New York Times: Can Emotional Intelligence Be Taught?

NYTcoverIn Sunday’s New York Times, Jennifer Kahn, who teaches at the University of California-Berkeley’s Graduate School of Journalism, asks “Can Emotional Intelligence Be Taught?”  Her provocative piece examines different approaches to Social Emotion Learning (SEL) that are playing out at schools across the country and offers insights from academics, psychologists, administrators and teachers.

She writes, “Once a small corner of education theory, S.E.L. has gained traction in recent years, driven in part by concerns over school violence, bullying and teen suicide. But while prevention programs tend to focus on a single problem, the goal of social-emotional learning is grander: to instill a deep psychological intelligence that will help children regulate their emotions.”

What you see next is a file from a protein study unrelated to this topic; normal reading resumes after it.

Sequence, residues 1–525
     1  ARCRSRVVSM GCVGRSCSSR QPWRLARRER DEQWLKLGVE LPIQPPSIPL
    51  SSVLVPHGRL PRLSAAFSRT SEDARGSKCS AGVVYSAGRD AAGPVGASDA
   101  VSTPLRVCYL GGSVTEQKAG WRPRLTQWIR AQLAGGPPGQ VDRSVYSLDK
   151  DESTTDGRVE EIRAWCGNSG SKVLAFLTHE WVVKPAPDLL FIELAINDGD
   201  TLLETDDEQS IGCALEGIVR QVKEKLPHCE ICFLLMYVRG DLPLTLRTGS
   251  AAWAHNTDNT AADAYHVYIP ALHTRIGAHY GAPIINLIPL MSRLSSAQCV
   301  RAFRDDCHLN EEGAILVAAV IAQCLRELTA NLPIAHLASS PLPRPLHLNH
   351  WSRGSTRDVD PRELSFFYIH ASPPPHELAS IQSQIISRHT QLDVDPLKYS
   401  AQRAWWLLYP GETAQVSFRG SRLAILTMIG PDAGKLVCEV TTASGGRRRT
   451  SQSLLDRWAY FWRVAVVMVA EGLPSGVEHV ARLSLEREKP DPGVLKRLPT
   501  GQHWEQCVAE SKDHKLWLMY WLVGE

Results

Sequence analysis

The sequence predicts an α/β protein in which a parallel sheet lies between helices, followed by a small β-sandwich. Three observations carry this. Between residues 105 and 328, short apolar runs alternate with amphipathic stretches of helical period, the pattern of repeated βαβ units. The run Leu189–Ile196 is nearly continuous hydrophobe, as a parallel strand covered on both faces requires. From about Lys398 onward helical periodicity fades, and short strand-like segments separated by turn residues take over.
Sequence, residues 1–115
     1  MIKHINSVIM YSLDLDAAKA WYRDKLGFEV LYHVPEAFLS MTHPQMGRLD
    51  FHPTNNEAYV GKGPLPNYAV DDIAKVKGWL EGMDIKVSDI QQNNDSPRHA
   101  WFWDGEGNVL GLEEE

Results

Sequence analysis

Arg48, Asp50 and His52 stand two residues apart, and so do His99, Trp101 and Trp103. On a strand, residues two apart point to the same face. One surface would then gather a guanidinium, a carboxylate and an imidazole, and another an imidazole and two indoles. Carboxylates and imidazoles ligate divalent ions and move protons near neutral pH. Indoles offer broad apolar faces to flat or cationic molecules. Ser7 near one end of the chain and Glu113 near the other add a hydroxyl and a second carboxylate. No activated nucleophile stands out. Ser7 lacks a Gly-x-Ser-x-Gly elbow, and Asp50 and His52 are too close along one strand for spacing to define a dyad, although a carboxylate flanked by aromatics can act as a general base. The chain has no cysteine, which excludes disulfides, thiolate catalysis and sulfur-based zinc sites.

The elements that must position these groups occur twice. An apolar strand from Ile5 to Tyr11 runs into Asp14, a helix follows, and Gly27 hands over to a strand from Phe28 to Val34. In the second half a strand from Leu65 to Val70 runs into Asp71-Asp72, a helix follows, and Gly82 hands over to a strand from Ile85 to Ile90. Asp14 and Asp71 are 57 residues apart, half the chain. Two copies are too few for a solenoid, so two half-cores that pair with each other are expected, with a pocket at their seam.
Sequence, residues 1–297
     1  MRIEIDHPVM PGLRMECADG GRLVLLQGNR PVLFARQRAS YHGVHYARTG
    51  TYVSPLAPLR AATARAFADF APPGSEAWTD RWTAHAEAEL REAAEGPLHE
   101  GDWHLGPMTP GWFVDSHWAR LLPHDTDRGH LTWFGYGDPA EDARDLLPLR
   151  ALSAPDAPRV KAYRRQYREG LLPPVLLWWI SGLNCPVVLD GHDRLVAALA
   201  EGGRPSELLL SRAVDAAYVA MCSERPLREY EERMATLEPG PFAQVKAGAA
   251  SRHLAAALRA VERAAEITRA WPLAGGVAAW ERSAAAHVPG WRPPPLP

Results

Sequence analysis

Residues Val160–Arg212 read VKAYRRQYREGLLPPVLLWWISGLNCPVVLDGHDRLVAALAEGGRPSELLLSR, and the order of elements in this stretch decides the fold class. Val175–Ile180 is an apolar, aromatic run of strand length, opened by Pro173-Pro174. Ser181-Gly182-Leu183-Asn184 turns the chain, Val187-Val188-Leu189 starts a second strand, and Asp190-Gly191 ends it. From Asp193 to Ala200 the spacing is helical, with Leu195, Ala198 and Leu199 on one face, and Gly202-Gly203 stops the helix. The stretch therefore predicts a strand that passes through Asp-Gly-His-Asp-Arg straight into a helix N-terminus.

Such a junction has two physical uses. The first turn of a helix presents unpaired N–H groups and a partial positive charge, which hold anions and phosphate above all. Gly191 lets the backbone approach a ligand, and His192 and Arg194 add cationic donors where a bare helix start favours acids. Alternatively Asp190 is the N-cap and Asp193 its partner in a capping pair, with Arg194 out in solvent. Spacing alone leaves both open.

We want to know what you think. Should schools be focusing on SEL? Has your school adopted an SEL curriculum? How is it working for you, in your classroom?

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Comments (2)

  1. There’s one extremely fundamental point about teaching SEL that is largely overlooked in Kahn’s article: before adults in a build can teach students how to exercise self-control and exhibit empathy, they must first model and utilize self-control and empathy themselves. Simply administering an SEL “program” will do little if the adults don’t get it themselves. More on my thoughts on this here:

  2. Tina Nolan

    An excellent point, Mark! I’ve reached out to the Center for Social, Emotional and Academic Learning as I’d love to hear what resources they have to share with us about emotional intelligence training for adults. Stay tuned, and thanks for sharing your blog on the topic!

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